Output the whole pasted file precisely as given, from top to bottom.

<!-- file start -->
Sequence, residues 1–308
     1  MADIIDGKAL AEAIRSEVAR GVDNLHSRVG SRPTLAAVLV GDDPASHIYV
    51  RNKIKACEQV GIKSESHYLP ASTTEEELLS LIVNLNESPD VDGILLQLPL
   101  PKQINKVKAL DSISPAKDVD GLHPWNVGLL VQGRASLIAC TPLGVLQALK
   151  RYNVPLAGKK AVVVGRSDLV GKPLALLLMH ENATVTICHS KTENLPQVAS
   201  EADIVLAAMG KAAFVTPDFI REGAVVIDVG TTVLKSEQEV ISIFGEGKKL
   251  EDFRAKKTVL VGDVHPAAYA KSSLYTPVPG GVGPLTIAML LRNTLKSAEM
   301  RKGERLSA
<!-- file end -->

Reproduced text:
Sequence, residues 1–308
     1  MADIIDGKAL AEAIRSEVAR GVDNLHSRVG SRPTLAAVLV GDDPASHIYV
    51  RNKIKACEQV GIKSESHYLP ASTTEEELLS LIVNLNESPD VDGILLQLPL
   101  PKQINKVKAL DSISPAKDVD GLHPWNVGLL VQGRASLIAC TPLGVLQALK
   151  RYNVPLAGKK AVVVGRSDLV GKPLALLLMH ENATVTICHS KTENLPQVAS
   201  EADIVLAAMG KAAFVTPDFI REGAVVIDVG TTVLKSEQEV ISIFGEGKKL
   251  EDFRAKKTVL VGDVHPAAYA KSSLYTPVPG GVGPLTIAML LRNTLKSAEM
   301  RKGERLSA